Social Media & Censorship: Freedom of Expression and Risk

Immanuel Kant, a central figure of 18th century Enlightenment, once said, "Nothing is divine, but what is agreeable to reason."

Yet, over two hundred and thirty years later in a world defined by nations, states, tribes, borders, and religions, we are still confused as to how to resolve the divide that exists between science, empirical fact, cultural traditions, and spiritual beliefs that require us to put faith in that which can neither be seen, proven, nor measured.

The difficulty is ever clearer when 'blind faith' is coupled with social media, an almost inescapable digital footprint, and the hunger for equality, truth, and self-expression. Now, we must acknowledge that online communities and platforms are facilitating discussions which were previously held in court, the plaza, or the corner cafe.

Famous media theorists like Jürgen Habermas suggested that the power of the internet was two-fold, depending upon the regime in place, when he said, "The Internet has certainly reactivated the grassroots of an egalitarian public of writers and readers. However, computer-mediated communication in the web can claim unequivocal democratic merits only for a special context: It can undermine the censorship of authoritarian regimes that try to control and repress public opinion. In the context of liberal regimes, the rise of millions of fragmented chat rooms across the world tend instead to lead to the fragmentation of large but politically focused mass audiences into a huge number of isolated issue publics. Within established national public spheres, the online debates of web users only promote political communication, when news groups crystallize around the focal points of the quality press, for example, national newspapers and political magazines."

However, authoritarian or liberal governments aside, I would argue still:"Social media is the new public sphere."

The benefits, as well as the risks of social media, mean that our words, and our worlds, are more deeply scrutinized. Now, we are easier to access and more open to interpretation. When interacting with an individual online we are devoid of visual cues, our tone is difficult to understand, our intent sometimes impossible to decipher. We resort to emojis and declarations like "Just kidding" or "Don't be mad" to describe what might otherwise be obvious.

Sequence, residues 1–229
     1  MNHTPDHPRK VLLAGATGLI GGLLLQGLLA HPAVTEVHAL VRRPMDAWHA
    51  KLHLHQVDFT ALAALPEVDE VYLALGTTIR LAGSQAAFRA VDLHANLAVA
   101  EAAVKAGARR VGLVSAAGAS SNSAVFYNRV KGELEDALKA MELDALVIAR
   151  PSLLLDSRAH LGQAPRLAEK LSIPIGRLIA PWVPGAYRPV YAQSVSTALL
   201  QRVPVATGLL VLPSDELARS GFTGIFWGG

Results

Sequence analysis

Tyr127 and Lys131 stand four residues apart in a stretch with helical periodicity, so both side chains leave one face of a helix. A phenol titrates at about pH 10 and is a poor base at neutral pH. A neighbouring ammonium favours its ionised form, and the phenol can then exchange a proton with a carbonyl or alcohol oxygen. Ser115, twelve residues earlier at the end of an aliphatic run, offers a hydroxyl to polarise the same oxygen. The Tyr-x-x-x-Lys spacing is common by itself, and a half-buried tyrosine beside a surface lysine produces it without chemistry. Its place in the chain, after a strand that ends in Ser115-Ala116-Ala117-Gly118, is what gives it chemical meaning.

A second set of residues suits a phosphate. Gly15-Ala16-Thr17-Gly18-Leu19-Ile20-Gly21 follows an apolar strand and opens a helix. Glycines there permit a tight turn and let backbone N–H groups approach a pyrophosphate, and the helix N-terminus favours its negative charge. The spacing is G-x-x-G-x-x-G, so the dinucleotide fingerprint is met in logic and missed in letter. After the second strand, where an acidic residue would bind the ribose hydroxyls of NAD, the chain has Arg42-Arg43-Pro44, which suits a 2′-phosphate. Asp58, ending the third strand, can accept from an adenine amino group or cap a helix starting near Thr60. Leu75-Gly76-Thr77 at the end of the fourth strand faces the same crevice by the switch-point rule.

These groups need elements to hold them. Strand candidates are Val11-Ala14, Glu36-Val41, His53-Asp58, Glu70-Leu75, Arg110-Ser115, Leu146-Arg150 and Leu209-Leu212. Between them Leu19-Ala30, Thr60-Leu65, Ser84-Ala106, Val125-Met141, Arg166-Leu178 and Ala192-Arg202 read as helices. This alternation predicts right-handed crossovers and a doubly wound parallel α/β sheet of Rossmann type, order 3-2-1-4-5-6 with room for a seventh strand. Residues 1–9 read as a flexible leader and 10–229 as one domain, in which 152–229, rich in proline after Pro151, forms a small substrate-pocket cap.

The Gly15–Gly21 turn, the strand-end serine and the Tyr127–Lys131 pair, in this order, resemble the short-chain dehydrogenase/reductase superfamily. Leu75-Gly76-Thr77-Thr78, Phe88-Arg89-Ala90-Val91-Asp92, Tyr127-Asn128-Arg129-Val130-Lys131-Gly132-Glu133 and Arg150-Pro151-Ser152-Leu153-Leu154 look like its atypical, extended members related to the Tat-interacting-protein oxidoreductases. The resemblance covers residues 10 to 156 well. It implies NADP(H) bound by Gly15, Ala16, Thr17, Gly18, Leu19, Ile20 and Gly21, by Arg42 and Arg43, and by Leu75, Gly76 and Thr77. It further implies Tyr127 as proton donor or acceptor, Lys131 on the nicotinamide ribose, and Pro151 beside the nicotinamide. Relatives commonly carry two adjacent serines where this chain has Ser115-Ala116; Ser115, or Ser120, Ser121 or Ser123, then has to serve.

In essence, we have become both scared, and scarred.

With all of the benefits of communicating and sharing our lives via visual mediums, instant messages, real time video, and status updates, another perhaps less obvious threat has presented itself: that of self-censorship.

We have come to fear how our words, opinions, and beliefs may negatively affect our lives if they are misinterpreted or considered 'unpopular' by the masses. Whether a joke is misconstrued or a political position deemed controversial, we have seen the negative effects this sharing can have on an individual's life and we've become frightened to share.

The result?

We've begun to eliminate the most powerful thing about sharing platforms. We have stopped using them for meaningful social debate because we don't want to risk our livelihoods on what we believe in. Many of us have become either weak or bipolar; strong and boisterous when our passions are ignited about the meaningless, or weak - perhaps even silent - when it comes to our deeper, more meaningful convictions. If it's not well favored by the masses, we just may shrink.

With this in mind, I've tried to develop a few handy tips for the next time you may feel like sharing, but don't want to suffer from the paralysis of self-censorship:

1. Recognize your cultural lens. It's easy to think your truth is the truth. We all do this. Ask yourself: would I feel the same should the color of my skin, religion, or nationality be any different? This may seem obvious, but you'll be surprised how little you actually do this. This does not suggest that the content of your character would be any different, but try putting yourself into the shoes of those you feel compelled to comment about. Then see if you would say the same.

2. Ask yourself, "If this comment was seen by my boss, a recruiter, or someone I admire, would I be embarrassed?"
The problem with self-censorship is often our own inability to know what constitutes a risk and what constitutes a provocative opinion that's admired. In the new public sphere of social media, ask yourself, "Would I be willing to share this with my boss or colleagues?" I've often found that when the answer is, "Yes," it's the place I'm meant to be. If the answer is, "No," it's time to either re-examine my stance... or get out.

3. Don't be afraid to have an opinion. Susan B. Anthony once said, ""Cautious, careful people, always casting about to preserve their reputations can never effect a reform." We all know what she did. Every powerful figure who fought for equality was criticized. I'm not saying you have to be tortured, but that may be exactly what your heart feels like sometimes. The most popular people are often the most easy to forget. Likely a bystander to inequality, they shrug as they get promoted, and may retire with regret. Don't be afraid to be unpopular. Live your life boldly, have no regrets.

Whether you share a serious comment about a cause you believe in, or you are protecting the art of satire, never underestimate the power of words.

#JeSuisCharlie has shown us that the freedom to speak freely it is one of the most fundamental, if not the most fundamental, of all human rights. Our ability to exercise it, and not shrink in the face of fear and judgment, is the basis of freedom.

If we are too afraid to say things because the consequences outweigh human progress, then we must all ask ourselves, "What are we even living for?"